Continue with the A321XLR
The real game changer, however, is the upcoming A321XLR. It offers a range of 8,700 kilometers, with additional fuel tanks in the center and rear. It should be on the market in 2023.
There are currently at least 450 orders for the A321XLR. The largest are from American Airlines and United, with 50 aircraft each. Qantas, AirAsia, Air Arabia, Wizz Air, Frontier, VietJet and JetBlue all have more than 10 airplane orders.
This, of course, poses a serious challenge for Boeing. It may revisit its NMA plans, but it is certainly unlikely that they will drop it completely and leave this market segment to its competitor. Demand for new aircraft may suffer from the current slowdown, but lower capacity aircraft are likely to emerge more strongly as the situation improves.
Operating long-haul routes with lower capacity not only meets a growing shift towards point-to-point operations, but also reflects this reduced demand.
What could the new NMA look like?
So, what could Boeing launch as a new NMA to compete with the A321XLR? Boeing has not confirmed anything, but some possibilities have been put forward.
A completely new clean sheet design remains possible. But given that this was previously put on hold, it seems unlikely. This is an expensive option and of course it will take a long time. Money is tight these days and Boeing is already lagging behind in the mid-sized market.
Is Boeing going for a narrowbody or widebody? At the time of the NMA project hiatus, CEO David Calhoun explained (during a company call) that he wanted to understand both options. He said:
[Boeing] will not design our next aircraft based on the A321… I now know what the NMA is aiming for. I want to make sure I understand everything about the widebody, narrowbody world. “
A new narrow body design
One option for a narrowbody design is to build on the 737 MAX (as Airbus did with the A321neo). We’ve previously looked at Boeing’s potential Future Small Airplane (FSA). This would compete directly with the A321XLR, building on the 737 MAX with a new design that allows for additional fuel storage.
Simple Flying looked at one proposal for this in 2020. Boeing filed a patent for a new design in 2009. It has an almost elliptical cross-section, leaving enough internal space for a second aisle.
Updating the 757 or 767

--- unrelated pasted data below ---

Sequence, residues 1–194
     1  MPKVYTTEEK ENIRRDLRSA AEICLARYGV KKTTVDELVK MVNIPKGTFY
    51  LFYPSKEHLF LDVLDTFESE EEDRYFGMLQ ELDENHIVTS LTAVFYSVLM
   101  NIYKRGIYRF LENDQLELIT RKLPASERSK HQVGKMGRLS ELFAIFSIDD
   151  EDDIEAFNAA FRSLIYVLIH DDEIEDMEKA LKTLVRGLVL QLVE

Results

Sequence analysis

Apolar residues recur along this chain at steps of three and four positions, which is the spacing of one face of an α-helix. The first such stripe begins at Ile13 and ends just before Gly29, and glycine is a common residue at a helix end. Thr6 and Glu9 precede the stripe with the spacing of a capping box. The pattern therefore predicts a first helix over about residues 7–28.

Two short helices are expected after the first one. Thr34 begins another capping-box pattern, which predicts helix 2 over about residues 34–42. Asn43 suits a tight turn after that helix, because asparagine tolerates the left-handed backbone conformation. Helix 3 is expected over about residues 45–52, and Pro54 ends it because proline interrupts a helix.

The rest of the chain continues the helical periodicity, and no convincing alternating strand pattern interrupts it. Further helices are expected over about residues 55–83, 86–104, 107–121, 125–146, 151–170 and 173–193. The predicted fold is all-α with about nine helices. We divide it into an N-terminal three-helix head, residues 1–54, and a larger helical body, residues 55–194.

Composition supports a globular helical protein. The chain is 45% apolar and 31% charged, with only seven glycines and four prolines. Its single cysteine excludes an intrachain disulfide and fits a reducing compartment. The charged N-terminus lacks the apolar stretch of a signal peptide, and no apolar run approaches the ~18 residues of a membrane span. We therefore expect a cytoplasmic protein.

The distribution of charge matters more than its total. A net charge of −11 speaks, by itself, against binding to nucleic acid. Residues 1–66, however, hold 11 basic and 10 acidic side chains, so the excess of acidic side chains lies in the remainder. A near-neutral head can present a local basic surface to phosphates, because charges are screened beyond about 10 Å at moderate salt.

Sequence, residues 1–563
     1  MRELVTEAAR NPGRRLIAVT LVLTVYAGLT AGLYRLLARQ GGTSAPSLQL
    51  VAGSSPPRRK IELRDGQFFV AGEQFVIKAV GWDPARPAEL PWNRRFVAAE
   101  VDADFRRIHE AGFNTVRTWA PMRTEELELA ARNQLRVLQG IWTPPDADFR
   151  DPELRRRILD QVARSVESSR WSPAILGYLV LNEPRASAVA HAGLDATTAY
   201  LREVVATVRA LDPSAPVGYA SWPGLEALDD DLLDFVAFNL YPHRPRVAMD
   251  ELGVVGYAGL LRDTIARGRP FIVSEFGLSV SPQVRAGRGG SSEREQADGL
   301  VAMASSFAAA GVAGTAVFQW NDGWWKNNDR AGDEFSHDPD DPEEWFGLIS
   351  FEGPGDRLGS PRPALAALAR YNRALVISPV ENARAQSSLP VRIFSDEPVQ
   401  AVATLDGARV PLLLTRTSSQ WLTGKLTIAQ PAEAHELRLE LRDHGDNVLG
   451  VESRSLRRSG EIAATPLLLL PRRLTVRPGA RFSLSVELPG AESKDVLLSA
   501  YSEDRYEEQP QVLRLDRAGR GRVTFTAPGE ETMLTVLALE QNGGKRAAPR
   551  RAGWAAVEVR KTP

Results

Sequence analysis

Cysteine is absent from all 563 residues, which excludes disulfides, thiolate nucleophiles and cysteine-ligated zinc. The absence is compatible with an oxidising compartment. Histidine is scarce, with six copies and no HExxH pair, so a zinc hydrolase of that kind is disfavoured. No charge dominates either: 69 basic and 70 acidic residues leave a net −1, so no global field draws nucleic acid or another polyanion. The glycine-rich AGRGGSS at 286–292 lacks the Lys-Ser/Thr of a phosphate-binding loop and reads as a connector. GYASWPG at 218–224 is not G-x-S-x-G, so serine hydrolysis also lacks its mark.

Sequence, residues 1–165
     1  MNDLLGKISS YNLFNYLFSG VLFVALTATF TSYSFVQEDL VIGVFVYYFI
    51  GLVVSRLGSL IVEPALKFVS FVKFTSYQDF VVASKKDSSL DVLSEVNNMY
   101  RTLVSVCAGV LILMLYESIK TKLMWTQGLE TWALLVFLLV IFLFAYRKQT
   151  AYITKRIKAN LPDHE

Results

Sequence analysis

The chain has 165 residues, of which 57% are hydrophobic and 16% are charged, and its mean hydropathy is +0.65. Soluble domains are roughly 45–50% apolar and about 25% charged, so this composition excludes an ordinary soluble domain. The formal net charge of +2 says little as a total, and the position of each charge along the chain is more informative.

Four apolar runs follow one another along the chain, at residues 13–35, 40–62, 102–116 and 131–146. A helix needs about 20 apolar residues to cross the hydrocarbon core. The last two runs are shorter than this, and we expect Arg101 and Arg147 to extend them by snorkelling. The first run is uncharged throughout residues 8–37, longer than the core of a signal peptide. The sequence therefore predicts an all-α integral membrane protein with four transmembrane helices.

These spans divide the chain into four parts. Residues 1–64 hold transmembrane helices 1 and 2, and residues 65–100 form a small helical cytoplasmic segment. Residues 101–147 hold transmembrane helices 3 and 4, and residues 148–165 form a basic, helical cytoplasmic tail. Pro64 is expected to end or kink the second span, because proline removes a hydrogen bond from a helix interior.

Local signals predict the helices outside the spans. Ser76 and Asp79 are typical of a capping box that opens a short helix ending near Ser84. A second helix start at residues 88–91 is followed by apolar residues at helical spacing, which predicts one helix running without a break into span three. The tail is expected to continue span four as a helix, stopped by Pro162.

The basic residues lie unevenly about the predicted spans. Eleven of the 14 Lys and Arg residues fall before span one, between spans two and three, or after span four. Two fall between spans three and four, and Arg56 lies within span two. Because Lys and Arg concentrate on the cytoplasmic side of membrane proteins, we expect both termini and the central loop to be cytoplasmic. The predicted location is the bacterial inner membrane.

Another option is to perform updates to the already popular 757 or 767. These devices fit well into the middle of the market segment, and this would be much cheaper than a brand new development.
A 757 MAX would make sense in many ways. Many airlines know and love the 757, and of course it is already certified. A similar model to the 757-300 could seat about 240 passengers and offers greater range and efficiency with the addition of new engines. New cabin technology and integration of composite materials can of course provide further improvements.
Likewise, there are rumors of a 767X. It would re-motorize the original widebody with the General Electric GEnx and likely offer a passenger and a freighter variant. It would likely require modified landing gear due to the larger engines, but few other changes.
If you think you’ve heard of the 767X, it’s because it was originally proposed in the 1980s. It was proposed as a partial variant of the second deck 767, but it never emerged from the proposal phase.
Take another look at the 787-3
If Boeing goes for widebody, it could develop the 787 as the basis for the NMA. The original plan for the 787 included a 787-3 short range variant. It would have a capacity of 290 to 330 (between 787-9 and 787-10) but in a plane of the same size as the 787-8. Closer seats would reduce the range.
Such a model would suit the US or Japanese domestic market well. Japanese airlines ANA and Japan Airlines ordered the 787-3, but switched it to the 787-8 after program delays.
Could the 787-3 now fulfill the role of the NMA? The possibility of a 787X has already been discussed. The efficiency would be an improvement over upgrading the 757 or 767. And Boeing operates efficient 787 production lines. Time will tell which option Boeing continues.
One thing is certain: Boeing must do something. It cannot simply leave this market segment to its European competitor. If so, it will close the door to a growing and lucrative field, and one in which Airbus already has a good head start.
What do you think of Boeing’s NMA plans? Was it good to put them on hold, and where do you think development will go? Let us know your thoughts in the comments.